Reinventing the Meal

Loring Park wine bar Willie's has reinvented itself into a destination to delight both palate and wallet

Willie's Wine Bar & Cuisine
1100 Harmon Place, Minneapolis
612.332.8811
www.experiencewillies.com

It's entirely usual for a destination restaurant to swap out her corsets and heels for sweatpants and slippers after a few years, and slide into a cozy, sloppy, "neighborhood restaurant" identity. It's far, far more rare for a neighborhood restaurant to set out white tablecloths, get a haircut and a nice new dress, and swan around the town as a destination restaurant. And a coffee shop? Turning into a destination restaurant? When pigs fly! But check the windows for hogs piloting Cessnas, because Bunky, it's happened, and the proof is Willie's.

Chef Bruno Oakman shows off some of Willie's successful dishes
Jana Freiband
Chef Bruno Oakman shows off some of Willie's successful dishes

You may know Willie's, though probably you do not, as the coffee shop with benefits that opened betwixt Loring Park and downtown last year. If you did know Willie's, you have probably thought of it fondly as a good place to get a coffee or a glass of wine while... waiting for a table to open up at Buca? Waiting for that Lund's to get built downtown? Waiting for the locksmith to come and open up your car? Something like that.

"Things weren't quite working out with the coffee side of things," chef Bruno Oakman told me. "People were like: Do we sit down? Do we get our own stuff? What, you have food? What's with the coffee? Where am I?" All good questions. So Willie's closed its doors for a few days over the Fourth of July weekend, did some remodeling, added some art, set out table linens, and so on. The place reopened with a remarkably ambitious menu of tapas-sized plates, and its full name was changed from Willie's Wine Bar & Coffee House to Willie's Wine Bar & Cuisine. A few weeks ago, I happened along and began to fall in love.

I knew there was something special about Willie's the moment the grilled romaine salad ($7) hit the table. This twist on a Caesar featured charred, but still firm leaves of the lettuce arranged in a long, thin pile, prettily adorned with yellow moons of translucent Asian preserved egg yolk and good, heavy anchovies, all resting in a glossy pool of lemony, garlic-touched dressing. Each bite was intense in every dimension—the bitterness of the char, the pop of the garlic, the richness of the egg and dressing, the salt of the anchovy—and yet held together in confident balance. More than that, it was a Caesar salad, more or less, and if you can do something new on this earth with that old restaurant workhorse, you deserve bouquets and gifts from all the restaurant workers and goers in the land. I would subsequently learn that chef Oakman has a stunning talent for making tried-and-true restaurant favorites fresh and lovable, which is really an incredibly difficult thing to do. His pea and bell pepper pizza ($9), for instance, which I know sounds terrible, is made by topping a crisp, light crust with a puree of artichokes and cream, scattering that with wee bits of Spanish onion and red pepper, adding green peas, and topping it with fresh mozzarella, all of which results in something creamy, sweet, light, and in that way of comfort foods, utterly forgettable, because you take it for granted as soon as you swallow it: Of course, pea pizza, that old no-brainer, who can't make that taste good?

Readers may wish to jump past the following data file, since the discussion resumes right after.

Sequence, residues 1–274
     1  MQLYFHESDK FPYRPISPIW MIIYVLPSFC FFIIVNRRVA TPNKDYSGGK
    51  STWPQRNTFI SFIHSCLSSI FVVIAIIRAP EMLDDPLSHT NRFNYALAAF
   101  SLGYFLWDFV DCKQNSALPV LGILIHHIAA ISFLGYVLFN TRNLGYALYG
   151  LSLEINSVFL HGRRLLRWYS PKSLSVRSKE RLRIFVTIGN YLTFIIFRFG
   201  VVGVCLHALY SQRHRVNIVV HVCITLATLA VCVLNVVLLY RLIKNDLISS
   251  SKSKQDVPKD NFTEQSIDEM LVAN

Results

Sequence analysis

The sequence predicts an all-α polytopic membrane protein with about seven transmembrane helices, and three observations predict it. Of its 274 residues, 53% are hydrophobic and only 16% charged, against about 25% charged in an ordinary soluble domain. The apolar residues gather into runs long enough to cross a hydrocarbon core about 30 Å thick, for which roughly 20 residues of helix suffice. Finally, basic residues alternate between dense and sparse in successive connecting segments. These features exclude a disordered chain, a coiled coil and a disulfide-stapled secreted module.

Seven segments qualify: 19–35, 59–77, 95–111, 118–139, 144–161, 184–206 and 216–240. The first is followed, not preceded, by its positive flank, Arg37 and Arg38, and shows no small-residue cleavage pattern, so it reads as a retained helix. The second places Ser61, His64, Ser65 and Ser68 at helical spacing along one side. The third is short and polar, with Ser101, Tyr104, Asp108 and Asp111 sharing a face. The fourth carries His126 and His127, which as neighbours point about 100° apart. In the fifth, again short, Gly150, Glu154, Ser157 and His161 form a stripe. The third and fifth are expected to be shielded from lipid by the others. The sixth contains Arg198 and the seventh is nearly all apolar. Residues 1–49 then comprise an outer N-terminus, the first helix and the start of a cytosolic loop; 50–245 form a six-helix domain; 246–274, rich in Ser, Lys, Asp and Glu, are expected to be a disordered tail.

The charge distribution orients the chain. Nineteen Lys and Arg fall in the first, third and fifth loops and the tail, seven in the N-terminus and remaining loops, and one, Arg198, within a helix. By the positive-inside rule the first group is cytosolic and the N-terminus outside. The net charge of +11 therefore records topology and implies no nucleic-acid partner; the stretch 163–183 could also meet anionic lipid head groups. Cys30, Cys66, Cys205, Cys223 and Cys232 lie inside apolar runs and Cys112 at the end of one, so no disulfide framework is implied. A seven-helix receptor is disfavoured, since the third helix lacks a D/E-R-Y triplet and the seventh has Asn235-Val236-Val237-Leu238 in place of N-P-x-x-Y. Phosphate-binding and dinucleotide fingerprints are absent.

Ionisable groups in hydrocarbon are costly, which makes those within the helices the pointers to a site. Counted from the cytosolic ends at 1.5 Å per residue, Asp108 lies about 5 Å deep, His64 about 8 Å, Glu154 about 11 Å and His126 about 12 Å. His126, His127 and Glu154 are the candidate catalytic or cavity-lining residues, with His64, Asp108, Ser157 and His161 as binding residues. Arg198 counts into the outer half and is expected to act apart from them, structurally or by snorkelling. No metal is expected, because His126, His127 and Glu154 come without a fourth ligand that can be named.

It turns out that chef Oakman is a Waconia, Minnesota, native who has put in some time in various prominent Twin Cities restaurant kitchens, including two years as the executive chef at St. Paul's Pazzaluna and three years working in the kitchens at the Graves 601 Hotels, and if one is so inclined one can trace a few influences: The pizzas, including a good, sturdy one made with red sauce, a variety of sliced mushrooms, and spicy sausage ($9), are as good as you would expect from a Pazzaluna veteran. And a few of the $3 tiny bites seem like the amuse bouches that precede a meal at Cosmos at the 601 Graves; if you go, be sure to try the parmesan crisp ($3), a lacy doily of parmesan cheese molded into a shallow cup and filled with a simple salad made mainly of itty-bitty micro arugula and roasted red peppers—it's such light, fun fingerfood. Mostly, though, Oakman's food seems very much his own. Seared sesame salmon in brie cream ($9 for a tapas-sized portion or $16 for a full entree-sized one) was another dish that I thought sounded terrible but was truly impressed with. For this, a salmon fillet is roasted with sesame seeds, and presented in a thick, spoon-sticking pool of a sauce made with toasted sesame oil, roasted garlic, and, yes, brie cheese—cheese that seems to unite the various intense, roasty flavors along an axis of weight and sweet that complements those qualities in the fish. It was delicious, and both familiar and surprising—familiar in the sense of being yet another white plate of salmon and sauce, and surprising in the sense of being very different from anything I've had in several years. The menu at Willie's is, as I mentioned, mostly not entree-sized. There are half a dozen small "bites," priced at $3 each, which, literally, vanish in two or three mouthfuls; then there are another dozen or so standard appetizer-sized options, most of which cost less than $10, such as the summery strawberry soup made with mascarpone, honey, and fresh ginger ($7), which smelled so good I was somewhat sad it was a soup and not a perfume. Finally, there are the pizzas and a number of more substantial meat- and fish-based entrees that can be ordered in either small appetizer sizes or full entree ones. The grilled sirloin steak, for instance, can be had in either an $11 or $17 size, but either one features meat marinated until it's memorably flavorful, then seared and served thinly sliced in a spicy bowl of roasted corn broth amped up with roast shallot and blue cheese. The white sea bass ($13 or $19) is sautéed skin-side-down until that skin is crisp enough to bounce a quarter off, finished in an oven, and served in bowl full of scarlet watermelon broth given a tinge of edge with chili pepper, the whole thing made lively with various add-ins jazzing up the broth, including ripe tomato pico de gallo, fresh mint, and crisp watercress. It was a flawless dish, and refreshing, and if you're the kind of person who gets worked up over what sort of wine to pair with which entree, you should know that every single dish on Willie's menu comes with a suggestion for pairing, printed right beside the menu item, in small type.